There is another matter in connection with the instructions as they appear in the record which we think it proper to call attention to, in view of the fact that in some jurisdictions in this state there has grown up a practice by which the court, in giving instructions to the jury, will read to them what is denominated “The Court’s Instructions,” and then read to them instructions given at the request of the plaintiff or the defendant. All instructions given to the jury should be instructions by the court, and the court should in no way indicate to the jury whether the instructions given are instructions given upon the court’s own motion or at the request of either the plaintiff or the defendant, as, under the statute, it is the duty of the court to charge the jury, not particularly because requested by either plaintiff or defendant, but because the charge embraces the law applicable to the particular facts of the case. For the purpose of reserving exceptions, the court must indicate what instructions were requested by the plaintiff or defendant, but no intimation should be given to the jury that any particular instruction was given either at the request of the plaintiff or the defendant.
Although the instruction referred to contains matter which should not have been given to the jury, we are, however, of the opinion that the appellant could have been in no way prejudiced by the giving of such instruction. Other instructions were given to which no exception was taken, which clearly charged the jury with reference to circumstantial evidence; and not only that, but the evidence in this case is so clear and convincing of the guilt of the appellant that the jury could in no possible manner have been influenced to return a verdict of guilty by the objectionable matter contained in this instruction; and from the evidence, the jury could not, without a violation of their oaths, fail to have found the defendant guilty, and because of this, the defendant could not have been prejudiced by the giving of such instruction.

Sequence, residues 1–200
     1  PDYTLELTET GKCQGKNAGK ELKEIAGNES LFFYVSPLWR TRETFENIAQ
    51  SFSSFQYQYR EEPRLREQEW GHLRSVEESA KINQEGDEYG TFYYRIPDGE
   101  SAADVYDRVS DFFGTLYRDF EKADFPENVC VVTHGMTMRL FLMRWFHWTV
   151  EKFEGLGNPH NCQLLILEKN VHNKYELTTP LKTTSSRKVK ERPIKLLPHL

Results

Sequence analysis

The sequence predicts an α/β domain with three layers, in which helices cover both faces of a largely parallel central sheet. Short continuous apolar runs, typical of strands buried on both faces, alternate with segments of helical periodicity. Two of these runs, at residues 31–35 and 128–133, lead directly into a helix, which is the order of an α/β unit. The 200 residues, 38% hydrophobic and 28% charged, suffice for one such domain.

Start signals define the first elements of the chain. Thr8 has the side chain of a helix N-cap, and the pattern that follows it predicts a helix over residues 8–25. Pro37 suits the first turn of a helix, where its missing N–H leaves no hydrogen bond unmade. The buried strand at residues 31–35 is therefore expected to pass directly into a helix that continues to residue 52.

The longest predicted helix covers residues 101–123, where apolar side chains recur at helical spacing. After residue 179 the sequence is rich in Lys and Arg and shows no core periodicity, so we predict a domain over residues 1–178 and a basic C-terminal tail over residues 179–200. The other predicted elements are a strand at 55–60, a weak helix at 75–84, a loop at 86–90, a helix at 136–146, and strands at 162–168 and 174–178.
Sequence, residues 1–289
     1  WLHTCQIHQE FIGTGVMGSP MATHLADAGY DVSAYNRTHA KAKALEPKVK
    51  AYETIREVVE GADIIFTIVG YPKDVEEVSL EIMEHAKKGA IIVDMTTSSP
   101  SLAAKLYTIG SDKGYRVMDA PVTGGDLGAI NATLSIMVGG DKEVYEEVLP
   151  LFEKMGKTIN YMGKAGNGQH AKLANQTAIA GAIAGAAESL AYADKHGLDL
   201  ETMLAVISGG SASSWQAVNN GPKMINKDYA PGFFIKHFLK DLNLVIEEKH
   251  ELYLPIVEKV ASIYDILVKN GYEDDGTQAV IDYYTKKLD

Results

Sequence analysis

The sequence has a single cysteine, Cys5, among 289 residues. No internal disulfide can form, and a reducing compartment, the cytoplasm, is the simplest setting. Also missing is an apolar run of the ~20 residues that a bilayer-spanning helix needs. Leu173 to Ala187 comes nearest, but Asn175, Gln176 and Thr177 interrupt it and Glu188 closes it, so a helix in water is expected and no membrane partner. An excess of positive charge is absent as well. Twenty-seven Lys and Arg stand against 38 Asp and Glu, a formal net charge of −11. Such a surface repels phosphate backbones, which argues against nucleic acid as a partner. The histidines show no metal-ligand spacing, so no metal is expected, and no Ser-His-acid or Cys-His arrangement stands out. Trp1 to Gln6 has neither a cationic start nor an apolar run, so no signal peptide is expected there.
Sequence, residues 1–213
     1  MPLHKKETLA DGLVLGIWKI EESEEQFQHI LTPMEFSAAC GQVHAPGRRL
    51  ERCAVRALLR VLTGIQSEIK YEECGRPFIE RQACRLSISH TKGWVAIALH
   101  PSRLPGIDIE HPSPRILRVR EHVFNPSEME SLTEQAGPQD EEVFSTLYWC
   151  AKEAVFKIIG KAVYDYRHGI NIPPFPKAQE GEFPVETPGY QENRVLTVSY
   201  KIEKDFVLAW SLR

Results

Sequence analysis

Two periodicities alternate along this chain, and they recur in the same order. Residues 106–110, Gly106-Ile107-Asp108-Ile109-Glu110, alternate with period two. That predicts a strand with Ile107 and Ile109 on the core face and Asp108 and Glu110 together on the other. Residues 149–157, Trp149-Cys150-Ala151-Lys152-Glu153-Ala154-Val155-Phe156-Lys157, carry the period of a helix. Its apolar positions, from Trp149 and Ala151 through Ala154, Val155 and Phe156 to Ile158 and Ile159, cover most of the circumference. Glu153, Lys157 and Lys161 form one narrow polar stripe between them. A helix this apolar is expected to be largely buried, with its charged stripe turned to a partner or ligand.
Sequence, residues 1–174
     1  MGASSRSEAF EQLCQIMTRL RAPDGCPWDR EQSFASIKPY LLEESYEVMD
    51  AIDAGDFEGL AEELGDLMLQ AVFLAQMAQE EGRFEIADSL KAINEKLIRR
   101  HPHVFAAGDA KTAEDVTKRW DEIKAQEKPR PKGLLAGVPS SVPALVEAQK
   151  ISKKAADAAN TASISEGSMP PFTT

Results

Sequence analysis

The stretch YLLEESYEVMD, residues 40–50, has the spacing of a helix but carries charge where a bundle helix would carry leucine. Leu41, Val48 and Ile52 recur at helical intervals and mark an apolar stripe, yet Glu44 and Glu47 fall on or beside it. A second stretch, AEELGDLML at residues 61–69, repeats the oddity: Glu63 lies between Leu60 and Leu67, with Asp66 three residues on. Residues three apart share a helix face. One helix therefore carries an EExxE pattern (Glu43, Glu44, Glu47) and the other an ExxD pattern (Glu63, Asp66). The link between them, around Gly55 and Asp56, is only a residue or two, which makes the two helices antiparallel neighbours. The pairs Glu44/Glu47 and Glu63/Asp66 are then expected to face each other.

Rev. Codes, sec. 8070, admonishes this court: “After hearing the appeal, the court must give judgment without regard to technical errors or defects, or to exceptions which do not affect the substantial rights of the parties.” And again, Rev. Codes, sec. 8236: “Neither a departure from the form or mode prescribed by this code in respect to any pleading or proceeding, nor an error or mistake therein, renders it invalid, unless it has actually prejudiced the defendant, or tended to his prejudice in respect to a substantial right.” The substance of these statutory provisions is that a new trial ought never to be granted, notwithstanding some mistake or even misdirection by the judge, provided the revisioning court is satisfied that justice has been done and that upon the evidence no other verdict could properly have been found. (Johnson v. State, 14 Ga. 55; State v. Gut, 13 Minn. 341; People v. Scott, 6 Mich. 287; Ballard v. State, 31 Fla. 266, 12 So. 865; People v. Taggart, 1 Cal. App. 423, 82 P. 396.)